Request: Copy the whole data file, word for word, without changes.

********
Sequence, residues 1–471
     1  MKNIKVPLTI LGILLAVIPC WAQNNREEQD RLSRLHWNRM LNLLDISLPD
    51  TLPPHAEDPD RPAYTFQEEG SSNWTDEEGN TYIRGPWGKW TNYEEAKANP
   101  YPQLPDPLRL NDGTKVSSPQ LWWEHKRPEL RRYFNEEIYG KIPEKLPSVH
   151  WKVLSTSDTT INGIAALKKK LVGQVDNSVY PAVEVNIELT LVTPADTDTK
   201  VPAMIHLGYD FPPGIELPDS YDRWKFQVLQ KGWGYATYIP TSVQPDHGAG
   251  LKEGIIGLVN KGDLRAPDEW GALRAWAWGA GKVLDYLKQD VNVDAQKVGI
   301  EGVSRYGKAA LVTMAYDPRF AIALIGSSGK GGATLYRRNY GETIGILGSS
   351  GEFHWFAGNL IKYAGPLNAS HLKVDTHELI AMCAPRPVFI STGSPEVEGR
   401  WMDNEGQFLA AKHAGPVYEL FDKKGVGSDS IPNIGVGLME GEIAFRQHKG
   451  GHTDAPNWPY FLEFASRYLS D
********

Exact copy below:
Sequence, residues 1–471
     1  MKNIKVPLTI LGILLAVIPC WAQNNREEQD RLSRLHWNRM LNLLDISLPD
    51  TLPPHAEDPD RPAYTFQEEG SSNWTDEEGN TYIRGPWGKW TNYEEAKANP
   101  YPQLPDPLRL NDGTKVSSPQ LWWEHKRPEL RRYFNEEIYG KIPEKLPSVH
   151  WKVLSTSDTT INGIAALKKK LVGQVDNSVY PAVEVNIELT LVTPADTDTK
   201  VPAMIHLGYD FPPGIELPDS YDRWKFQVLQ KGWGYATYIP TSVQPDHGAG
   251  LKEGIIGLVN KGDLRAPDEW GALRAWAWGA GKVLDYLKQD VNVDAQKVGI
   301  EGVSRYGKAA LVTMAYDPRF AIALIGSSGK GGATLYRRNY GETIGILGSS
   351  GEFHWFAGNL IKYAGPLNAS HLKVDTHELI AMCAPRPVFI STGSPEVEGR
   401  WMDNEGQFLA AKHAGPVYEL FDKKGVGSDS IPNIGVGLME GEIAFRQHKG
   451  GHTDAPNWPY FLEFASRYLS D